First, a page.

CLEMSON — It wasn't that guys like Antoine McClain, Mason Cloy, David Smith and Landon Walker were not ready to play physical, it was just mentally they were not.
The game plan for the four Clemson freshmen was to bring them along slowly with some playing time here and there early on. That way they would be ready to be solid contributors when the ACC season heated up later in the season.
It seemed like a pretty reasonable plan. The key to it, however, was keeping the starters healthy.
Everyone knows how that turned out.
Guard Barry Humphries injured his knee against Alabama in the season opener and then trying to come back to help the team he tore his ACL after 23 plays against Georgia Tech six weeks later. Jamarcus Grant started the season before inconsistent play and injuries limited his playing time.
A freak moped accident after The Citadel game forced Chris Hairston down for all but 10 plays in three games at left tackle and then a concussion after 16 plays at Florida State forced him to miss the rest of that game and most of the Duke game the next week.
Then while trying to fill in for Humphries at right guard, Smith injured his foot against South Carolina State and played just 14 snaps the rest of the season. He played in just three of the last nine games. Cloy also took a step back when he was injured at Wake Forest and missed most of the next two games because of it.
All of this led to seven different lineups in eight weeks. It affected the continuity, skill set and more importantly their confidence.
"We were in a situation last year where we had a lot of youth and they were not sure of themselves and when you are not sure of yourself, you play a little slow and don't have the execution that you are getting now," Clemson guards and tackles coach Brad Scott said. "McClain is a great example and so is Cloy. All of those kids are playing better."
All of those guys are not only playing better, but they are playing with more confidence than they had at any point last season.
"I thought we did well and answered a lot of questions," left guard Thomas Austin said. "We had a lot of good competition and that will help us up front. We still have a long ways to go, but it was a beneficial spring for us."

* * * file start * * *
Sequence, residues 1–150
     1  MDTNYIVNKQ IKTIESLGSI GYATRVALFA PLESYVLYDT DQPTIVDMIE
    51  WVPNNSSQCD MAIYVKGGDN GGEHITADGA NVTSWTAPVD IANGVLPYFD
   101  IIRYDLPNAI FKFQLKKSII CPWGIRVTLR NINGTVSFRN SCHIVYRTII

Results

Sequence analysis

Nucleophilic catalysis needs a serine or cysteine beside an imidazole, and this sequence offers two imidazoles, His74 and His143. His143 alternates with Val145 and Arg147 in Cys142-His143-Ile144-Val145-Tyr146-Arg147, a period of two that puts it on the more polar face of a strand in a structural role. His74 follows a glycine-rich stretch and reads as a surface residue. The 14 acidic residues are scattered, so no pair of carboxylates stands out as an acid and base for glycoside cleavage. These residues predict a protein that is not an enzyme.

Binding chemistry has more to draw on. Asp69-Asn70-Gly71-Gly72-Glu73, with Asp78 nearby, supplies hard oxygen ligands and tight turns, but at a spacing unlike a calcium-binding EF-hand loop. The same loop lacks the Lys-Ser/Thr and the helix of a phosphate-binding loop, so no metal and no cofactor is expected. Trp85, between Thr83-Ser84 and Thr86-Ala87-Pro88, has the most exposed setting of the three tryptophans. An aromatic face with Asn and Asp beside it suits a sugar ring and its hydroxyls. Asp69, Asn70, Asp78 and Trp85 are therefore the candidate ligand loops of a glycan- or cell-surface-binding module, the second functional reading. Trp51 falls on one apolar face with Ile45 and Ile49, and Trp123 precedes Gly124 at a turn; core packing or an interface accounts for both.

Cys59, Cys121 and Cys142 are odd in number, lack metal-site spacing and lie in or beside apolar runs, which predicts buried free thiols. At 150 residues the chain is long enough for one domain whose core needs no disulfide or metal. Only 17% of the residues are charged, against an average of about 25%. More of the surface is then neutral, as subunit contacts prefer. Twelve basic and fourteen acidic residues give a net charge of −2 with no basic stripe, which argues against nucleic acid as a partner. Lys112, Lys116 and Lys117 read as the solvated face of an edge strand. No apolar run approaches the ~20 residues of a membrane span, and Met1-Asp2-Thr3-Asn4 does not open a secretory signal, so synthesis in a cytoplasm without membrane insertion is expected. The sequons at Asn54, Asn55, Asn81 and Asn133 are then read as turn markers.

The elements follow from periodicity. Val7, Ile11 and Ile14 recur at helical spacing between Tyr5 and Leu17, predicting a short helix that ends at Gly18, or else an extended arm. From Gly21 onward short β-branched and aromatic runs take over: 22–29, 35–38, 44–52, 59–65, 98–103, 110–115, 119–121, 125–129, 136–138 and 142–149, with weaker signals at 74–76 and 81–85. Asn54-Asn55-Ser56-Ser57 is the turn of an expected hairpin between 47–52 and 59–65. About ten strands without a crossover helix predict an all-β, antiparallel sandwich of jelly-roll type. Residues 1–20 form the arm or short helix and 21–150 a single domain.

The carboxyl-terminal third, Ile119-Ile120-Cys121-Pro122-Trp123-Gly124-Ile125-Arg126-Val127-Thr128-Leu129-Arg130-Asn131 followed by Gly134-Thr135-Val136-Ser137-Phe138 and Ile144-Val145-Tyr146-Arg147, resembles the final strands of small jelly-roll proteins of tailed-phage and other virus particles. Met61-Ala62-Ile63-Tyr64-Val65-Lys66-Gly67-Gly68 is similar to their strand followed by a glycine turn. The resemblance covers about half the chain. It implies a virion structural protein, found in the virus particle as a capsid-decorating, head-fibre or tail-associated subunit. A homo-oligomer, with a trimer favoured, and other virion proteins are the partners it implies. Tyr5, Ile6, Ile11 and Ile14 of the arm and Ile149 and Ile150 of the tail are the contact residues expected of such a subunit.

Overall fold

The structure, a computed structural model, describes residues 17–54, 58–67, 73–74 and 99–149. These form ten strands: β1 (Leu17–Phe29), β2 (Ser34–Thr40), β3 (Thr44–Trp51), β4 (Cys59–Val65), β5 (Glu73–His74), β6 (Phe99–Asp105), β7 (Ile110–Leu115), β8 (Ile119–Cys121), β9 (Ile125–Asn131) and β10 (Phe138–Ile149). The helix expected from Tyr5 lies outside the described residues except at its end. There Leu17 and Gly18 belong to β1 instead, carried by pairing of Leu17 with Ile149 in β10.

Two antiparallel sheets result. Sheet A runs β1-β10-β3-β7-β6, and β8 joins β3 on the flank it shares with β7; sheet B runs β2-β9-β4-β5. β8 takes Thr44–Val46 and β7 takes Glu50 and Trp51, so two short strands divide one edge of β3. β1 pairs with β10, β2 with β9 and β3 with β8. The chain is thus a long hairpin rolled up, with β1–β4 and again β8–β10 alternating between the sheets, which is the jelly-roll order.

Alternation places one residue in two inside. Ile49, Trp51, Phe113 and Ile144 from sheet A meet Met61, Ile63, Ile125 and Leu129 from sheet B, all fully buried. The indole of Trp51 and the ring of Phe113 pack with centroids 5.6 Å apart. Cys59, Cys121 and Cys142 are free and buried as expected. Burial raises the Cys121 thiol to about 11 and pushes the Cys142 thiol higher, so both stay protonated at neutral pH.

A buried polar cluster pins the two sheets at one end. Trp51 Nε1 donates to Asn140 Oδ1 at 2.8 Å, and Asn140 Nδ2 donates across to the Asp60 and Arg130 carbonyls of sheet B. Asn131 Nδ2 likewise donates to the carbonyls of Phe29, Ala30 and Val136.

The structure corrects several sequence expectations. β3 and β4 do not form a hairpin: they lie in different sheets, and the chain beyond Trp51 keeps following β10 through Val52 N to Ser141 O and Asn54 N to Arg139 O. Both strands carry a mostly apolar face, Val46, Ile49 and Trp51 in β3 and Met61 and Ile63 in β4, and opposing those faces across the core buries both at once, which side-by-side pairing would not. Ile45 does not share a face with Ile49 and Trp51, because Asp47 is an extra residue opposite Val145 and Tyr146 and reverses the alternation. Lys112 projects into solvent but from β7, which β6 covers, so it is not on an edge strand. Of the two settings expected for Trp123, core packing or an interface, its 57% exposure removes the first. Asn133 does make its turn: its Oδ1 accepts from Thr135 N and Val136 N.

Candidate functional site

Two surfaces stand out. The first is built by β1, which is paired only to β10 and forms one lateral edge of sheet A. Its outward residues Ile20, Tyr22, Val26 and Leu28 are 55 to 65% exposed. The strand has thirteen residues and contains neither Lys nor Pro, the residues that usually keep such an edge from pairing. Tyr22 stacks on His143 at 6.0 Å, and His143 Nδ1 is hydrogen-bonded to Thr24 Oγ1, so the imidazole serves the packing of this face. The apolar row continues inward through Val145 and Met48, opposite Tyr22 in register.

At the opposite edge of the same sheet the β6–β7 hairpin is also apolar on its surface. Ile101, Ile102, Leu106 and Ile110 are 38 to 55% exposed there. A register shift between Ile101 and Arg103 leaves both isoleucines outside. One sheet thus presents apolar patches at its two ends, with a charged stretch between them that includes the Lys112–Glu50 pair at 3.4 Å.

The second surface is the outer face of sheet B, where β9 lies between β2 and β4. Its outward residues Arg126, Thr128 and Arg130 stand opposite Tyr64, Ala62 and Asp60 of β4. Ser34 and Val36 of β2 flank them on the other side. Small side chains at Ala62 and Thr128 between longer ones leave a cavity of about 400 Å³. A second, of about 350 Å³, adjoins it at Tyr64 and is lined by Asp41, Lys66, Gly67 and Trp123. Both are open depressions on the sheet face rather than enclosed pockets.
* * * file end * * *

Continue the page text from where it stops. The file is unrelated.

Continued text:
Despite being confident, head coach Dabo Swinney has noticed how tough his offensive front has become. They have proven that in all put one scrimmage thus far, while controlling the line of scrimmage in two of them.
"Last year we played five linemen that have never played before," Swinney said. "They took their first snap last year, and now they have all played. This time last year, they did not have a clue as to what it was all about, but now they do.
"They understand how to meet better. They have a good foundation as far schematically and things like that, and they are stronger and more mature and are a little more confident. They have had success and they have had failure.
"All of those things combine and I think Coach (Danny) Pearman has helped coming in there and those guys are buying in. That is a prideful group. They don't like people talking bad about them. They want to be good. We have the right guys, but we have to get them better and they are working hard to get there."
The offensive line is getting there because there appears to be more depth than in years past thanks to the emergence of young guys like Dalton Freeman and true freshman J.K. Jay. Both are pushing others to work harder and to get better or lose their jobs.
Freeman has worked his way into the rotation at center with Cloy and will enter the summer with a shot at the starting job. Though Jay isn't pushing to start, he has worked his way into possible playing time at tackle, especially if he can keep up his progress.
He was elevated to second-team tackle earlier in the week.
Smith has come back from injury and appears to be himself again and is challenging for playing time at the guard positions and Humphries is expected to be back to full strength in the fall and should be ready to go as well.
"Smith has come on at guard so we have a third guard that I feel comfortable with and the fact that we get Humphries back will be a plus inside," Scott said. "J.K. Jay is a high school player that came in here and he has definitely improved. He had his best practice when he did not know anything about what he was doing and was just coming off the ball.
"Then we put the offense in, and you have to check this and check that and this call and that call then he slowed down. It was very similar to the freshmen last year. He will give us some depth and will be competing for some playing time possibly. If he has a good camp, then he might be a guy that we will play next year."
With more depth, the addition of the three-point stance, plus the coaches have made a point to make their offensive and defensive fronts more physical this spring, Clemson could be a more physical and cohesive unit this year.
"That's what this game is about. It is about being physical," Swinney said. "The bottom line that it ultimately comes down to is you either whip the guy on you or he whips you. That is really what it boils down to.
"Hopefully we have done something in practice to hopefully create that mentality. I'm pleased with what they are doing."
O-line is deeper, more physical
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